Is vinyl siding proving a hard paint? Try these simple tips for success


When painting the vinyl siding on a property, it is easy to get confused by the process. Vinyl siding takes no shortage of effort if you want to try and get things put together. However, if you find it hard to get a finish that you are happy with then you are not alone. In a bid to make your job a little bit easier, here are some effective tips and tricks which can produce better quality vinyl siding finishes, avoiding those visible streak marks and mistakes.

Are you impacting warranty?

Before doing anything else, make sure that the vinyl siding you intend to paint is allowed to be painted. Some siding comes with a warranty-voiding if you go ahead and paint it. Even if the warranty that you have allows for you to paint, make sure that you are using the kind of paint they allow. These rules can be a bit annoying, but you do need to stick to them to avoid voiding warranty.

Always start with a primer

First off, make sure that you go about using a primer if you are permitted to start painting. Primer is the professional choice as it tends to leave a nicer finish and a more robust, overall impressive look to the paint. However, you will want to try and get a primer that sticks to the paint as otherwise, it will simply come off during periods of intensive weather. Be thorough and specific with your primer painting.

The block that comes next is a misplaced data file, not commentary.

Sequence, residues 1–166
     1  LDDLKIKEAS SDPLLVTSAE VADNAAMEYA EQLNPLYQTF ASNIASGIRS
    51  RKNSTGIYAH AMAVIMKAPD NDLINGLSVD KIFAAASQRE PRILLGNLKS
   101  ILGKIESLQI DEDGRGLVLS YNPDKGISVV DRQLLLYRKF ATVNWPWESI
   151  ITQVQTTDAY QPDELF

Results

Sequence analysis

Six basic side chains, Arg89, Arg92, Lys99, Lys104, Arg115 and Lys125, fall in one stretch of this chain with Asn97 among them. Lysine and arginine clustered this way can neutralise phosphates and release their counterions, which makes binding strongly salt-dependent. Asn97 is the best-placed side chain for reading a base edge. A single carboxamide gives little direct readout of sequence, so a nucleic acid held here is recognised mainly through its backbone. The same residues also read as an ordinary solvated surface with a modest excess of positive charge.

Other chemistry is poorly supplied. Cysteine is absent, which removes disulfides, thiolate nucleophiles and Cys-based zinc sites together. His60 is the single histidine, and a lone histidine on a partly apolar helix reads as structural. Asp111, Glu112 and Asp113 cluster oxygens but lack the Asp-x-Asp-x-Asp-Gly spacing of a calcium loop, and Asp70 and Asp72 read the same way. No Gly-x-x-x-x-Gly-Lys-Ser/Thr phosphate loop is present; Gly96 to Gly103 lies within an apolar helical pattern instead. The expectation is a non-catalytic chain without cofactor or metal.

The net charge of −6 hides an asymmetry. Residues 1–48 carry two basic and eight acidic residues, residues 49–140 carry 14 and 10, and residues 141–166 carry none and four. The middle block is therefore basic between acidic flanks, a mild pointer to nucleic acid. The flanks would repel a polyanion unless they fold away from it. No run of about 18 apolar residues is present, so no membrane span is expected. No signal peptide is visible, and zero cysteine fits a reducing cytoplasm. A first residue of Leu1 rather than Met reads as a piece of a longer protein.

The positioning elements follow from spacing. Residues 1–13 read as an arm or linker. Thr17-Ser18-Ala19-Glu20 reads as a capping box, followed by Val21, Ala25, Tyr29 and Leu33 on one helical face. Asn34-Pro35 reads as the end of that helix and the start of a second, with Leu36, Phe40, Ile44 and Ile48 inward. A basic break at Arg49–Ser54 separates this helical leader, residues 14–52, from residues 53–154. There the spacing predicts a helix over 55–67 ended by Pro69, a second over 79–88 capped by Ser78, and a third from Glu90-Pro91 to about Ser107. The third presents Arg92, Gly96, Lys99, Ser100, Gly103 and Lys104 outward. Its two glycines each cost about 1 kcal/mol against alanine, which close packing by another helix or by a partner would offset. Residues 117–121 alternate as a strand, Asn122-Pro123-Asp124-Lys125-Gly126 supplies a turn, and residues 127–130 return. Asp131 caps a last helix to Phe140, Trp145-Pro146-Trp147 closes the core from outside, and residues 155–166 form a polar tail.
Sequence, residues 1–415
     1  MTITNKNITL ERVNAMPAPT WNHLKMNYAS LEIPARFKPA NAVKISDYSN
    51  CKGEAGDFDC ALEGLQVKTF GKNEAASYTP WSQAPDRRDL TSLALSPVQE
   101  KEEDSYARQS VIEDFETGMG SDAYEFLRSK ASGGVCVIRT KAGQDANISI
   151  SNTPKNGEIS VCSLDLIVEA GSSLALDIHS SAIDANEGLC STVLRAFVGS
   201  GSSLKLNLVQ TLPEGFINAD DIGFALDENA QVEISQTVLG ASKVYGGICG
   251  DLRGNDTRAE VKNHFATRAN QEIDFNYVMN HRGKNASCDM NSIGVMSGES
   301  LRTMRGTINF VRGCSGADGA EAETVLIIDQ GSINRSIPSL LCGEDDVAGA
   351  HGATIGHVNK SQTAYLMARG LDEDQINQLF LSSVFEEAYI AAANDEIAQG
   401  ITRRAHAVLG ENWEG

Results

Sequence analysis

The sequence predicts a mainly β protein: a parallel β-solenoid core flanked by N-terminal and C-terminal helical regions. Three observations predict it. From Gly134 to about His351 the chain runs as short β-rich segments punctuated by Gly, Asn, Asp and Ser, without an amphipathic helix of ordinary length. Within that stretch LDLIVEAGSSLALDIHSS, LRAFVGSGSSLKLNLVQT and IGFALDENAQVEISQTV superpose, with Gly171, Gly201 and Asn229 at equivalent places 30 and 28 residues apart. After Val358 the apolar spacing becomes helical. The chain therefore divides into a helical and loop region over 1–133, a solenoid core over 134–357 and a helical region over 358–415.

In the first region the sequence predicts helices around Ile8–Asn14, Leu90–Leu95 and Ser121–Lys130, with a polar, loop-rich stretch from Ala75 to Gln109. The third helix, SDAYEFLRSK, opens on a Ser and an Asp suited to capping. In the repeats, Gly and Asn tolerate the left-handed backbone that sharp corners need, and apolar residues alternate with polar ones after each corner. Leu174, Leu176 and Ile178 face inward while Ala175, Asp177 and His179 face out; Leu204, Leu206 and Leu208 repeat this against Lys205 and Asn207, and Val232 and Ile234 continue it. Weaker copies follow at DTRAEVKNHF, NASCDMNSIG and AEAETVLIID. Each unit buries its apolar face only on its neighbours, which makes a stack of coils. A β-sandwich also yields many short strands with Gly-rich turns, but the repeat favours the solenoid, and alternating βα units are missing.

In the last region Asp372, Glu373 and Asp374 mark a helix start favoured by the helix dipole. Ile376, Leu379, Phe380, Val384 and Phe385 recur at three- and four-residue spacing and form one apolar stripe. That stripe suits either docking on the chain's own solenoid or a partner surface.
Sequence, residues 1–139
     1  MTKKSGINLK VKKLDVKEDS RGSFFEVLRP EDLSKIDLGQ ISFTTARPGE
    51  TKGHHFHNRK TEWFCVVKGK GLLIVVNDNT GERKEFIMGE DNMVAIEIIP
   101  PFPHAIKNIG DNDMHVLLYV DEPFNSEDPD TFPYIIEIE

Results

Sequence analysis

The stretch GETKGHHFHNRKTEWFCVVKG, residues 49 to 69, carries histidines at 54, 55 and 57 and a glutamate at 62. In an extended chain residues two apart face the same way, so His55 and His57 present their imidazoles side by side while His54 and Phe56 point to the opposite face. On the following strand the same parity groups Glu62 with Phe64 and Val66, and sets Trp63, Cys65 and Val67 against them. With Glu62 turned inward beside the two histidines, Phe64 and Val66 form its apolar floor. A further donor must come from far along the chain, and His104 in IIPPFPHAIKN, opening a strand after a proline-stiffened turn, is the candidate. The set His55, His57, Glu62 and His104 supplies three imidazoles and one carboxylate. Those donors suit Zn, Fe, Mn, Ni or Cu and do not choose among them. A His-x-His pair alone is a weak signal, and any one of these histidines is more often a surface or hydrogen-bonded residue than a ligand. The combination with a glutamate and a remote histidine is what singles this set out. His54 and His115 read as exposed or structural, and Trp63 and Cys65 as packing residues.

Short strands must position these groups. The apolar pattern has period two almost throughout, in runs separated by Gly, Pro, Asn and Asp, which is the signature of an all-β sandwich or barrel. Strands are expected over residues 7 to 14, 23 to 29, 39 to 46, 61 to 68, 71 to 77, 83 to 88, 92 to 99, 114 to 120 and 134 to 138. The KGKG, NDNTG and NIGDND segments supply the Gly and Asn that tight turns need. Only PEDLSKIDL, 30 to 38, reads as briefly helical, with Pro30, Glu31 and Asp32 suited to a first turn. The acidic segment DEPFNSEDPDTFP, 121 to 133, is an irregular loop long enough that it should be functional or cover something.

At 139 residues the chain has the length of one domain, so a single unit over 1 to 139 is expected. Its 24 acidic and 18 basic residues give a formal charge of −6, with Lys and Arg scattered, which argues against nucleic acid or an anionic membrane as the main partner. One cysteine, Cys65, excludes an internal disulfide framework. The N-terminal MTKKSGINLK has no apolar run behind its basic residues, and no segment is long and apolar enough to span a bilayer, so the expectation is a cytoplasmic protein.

Vinyl expands, so take this into account

Remember that when you are painting vinyl siding that it will expand and contract as the weather changes. This means that when it contracts during the colder months you might be left with some visible gaps in the colour. You can try and avoid this by painting over them during the colder months, but this requires doing so on a day where you know the weather isn’t going to become a problem.

Stick to a lighter colour

Whatever colour your siding was to begin with, go with the same lightness or lighter again. Darker colours absorb heat and so it is more likely to bring in the heat into your house; good in the winter, not so great in the summer. You should look to try and find a paint that looks to avoid excessive absorption, but we typically recommend you stay within the same shade, or lighter, than what was previously used.

You should stick to a lighter colour, too, because darker colours can lead to an absorption rate that the siding was never designed to handle. This could lead to physical damage, warping, and other such headaches that might get in the way of your siding staying in good condition.

So, take a look and see if you can find a colour that is the right tone without causing any headaches with regards to the absorption and thus the risk of the wood being damaged and/or warped in any capacity.